TOKYO (Reuters) – Nissan Motor Co Ltd does not make its longer-term decisions based on currency fluctuations, its chief operating officer said on Thursday, even though the sharp drop in the yen has raised concerns about the ability to Japan Inc to manage volatility.
Ashwani Gupta’s comments also highlight that the yen is no longer a simple issue for many Japanese manufacturers.
Unlike decades ago, when a weak yen was an absolute boon because it made Japanese products more competitive in overseas markets and increased revenue when brought back home, more and more companies are now manufacturing overseas today.
Still, the pace of the yen’s decline this year – the currency is at its lowest against the dollar in 24 years – has worried policymakers in Tokyo. On Wednesday, authorities gave the clearest signal yet that they were uncomfortable with recent sharp declines and were bracing for intervention. [FRX/]
Currency movements were the last part of “the business value chain”, as far as Nissan’s planning goes, Gupta said in an interview with Reuters Newsmaker. “We don’t make our decisions, especially medium and long-term decisions based on the current exchange rate,” he said.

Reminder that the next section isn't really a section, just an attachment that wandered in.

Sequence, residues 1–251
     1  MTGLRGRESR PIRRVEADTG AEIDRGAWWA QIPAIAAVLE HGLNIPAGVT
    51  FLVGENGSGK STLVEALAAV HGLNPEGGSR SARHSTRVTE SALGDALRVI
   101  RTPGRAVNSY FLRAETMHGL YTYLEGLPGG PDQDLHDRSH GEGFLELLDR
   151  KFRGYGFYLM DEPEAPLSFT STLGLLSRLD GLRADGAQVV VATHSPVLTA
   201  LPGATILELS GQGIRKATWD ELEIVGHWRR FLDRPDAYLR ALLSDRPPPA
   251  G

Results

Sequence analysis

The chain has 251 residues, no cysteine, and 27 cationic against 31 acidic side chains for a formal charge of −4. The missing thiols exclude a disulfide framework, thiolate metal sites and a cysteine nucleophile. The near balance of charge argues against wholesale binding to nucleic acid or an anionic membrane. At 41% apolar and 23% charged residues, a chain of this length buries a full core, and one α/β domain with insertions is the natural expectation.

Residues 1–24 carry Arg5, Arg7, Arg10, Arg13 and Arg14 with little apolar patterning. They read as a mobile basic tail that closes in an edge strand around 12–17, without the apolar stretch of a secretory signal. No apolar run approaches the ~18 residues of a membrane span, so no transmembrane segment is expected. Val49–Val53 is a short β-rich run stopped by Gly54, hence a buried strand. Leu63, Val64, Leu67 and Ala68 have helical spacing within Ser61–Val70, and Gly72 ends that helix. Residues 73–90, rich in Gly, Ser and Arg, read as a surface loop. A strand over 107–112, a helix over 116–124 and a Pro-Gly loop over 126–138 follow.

Nearly a quarter of the production of Japanese manufacturers is made overseas, according to the latest data from the Japanese Ministry of Commerce. This compares to around 17% ten years ago and less than 15% two decades ago.
For the automotive industry, the proportion of overseas production is even higher – 44%, according to the data.
Nissan has production operations in more than a dozen countries. Countries are also asking him to produce more in their markets, he said, adding that such local production can be tied to incentives offered by governments.
Gupta also said the automaker would be able to withstand potentially tougher clean car regulations in some countries due to its dual strategy of producing its advanced e-power hybrids and electric vehicles at low cost. battery.
“We are fully prepared,” he said. “From the point of view of economy of scale, we use the same electric train for electric power and electric battery.”
Nissan shares have been little changed so far this year, slightly outpacing a 3.2% decline in the Nikkei 225 average.
(Reporting by Pete Sweeney; Editing by David Dolan, David Evans and Kim Coghill)
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